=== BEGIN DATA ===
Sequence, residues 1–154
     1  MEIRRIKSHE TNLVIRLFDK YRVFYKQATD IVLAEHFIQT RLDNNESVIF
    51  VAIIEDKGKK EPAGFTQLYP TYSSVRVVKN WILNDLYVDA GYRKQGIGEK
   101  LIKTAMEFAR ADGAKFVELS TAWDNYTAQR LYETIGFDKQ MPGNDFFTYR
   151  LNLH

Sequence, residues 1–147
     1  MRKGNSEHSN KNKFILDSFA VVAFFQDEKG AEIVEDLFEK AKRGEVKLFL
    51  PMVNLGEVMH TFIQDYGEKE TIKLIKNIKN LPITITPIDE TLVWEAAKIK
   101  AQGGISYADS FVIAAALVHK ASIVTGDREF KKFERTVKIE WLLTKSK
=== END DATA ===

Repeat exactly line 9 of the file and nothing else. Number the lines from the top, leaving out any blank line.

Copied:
   101  AQGGISYADS FVIAAALVHK ASIVTGDREF KKFERTVKIE WLLTKSK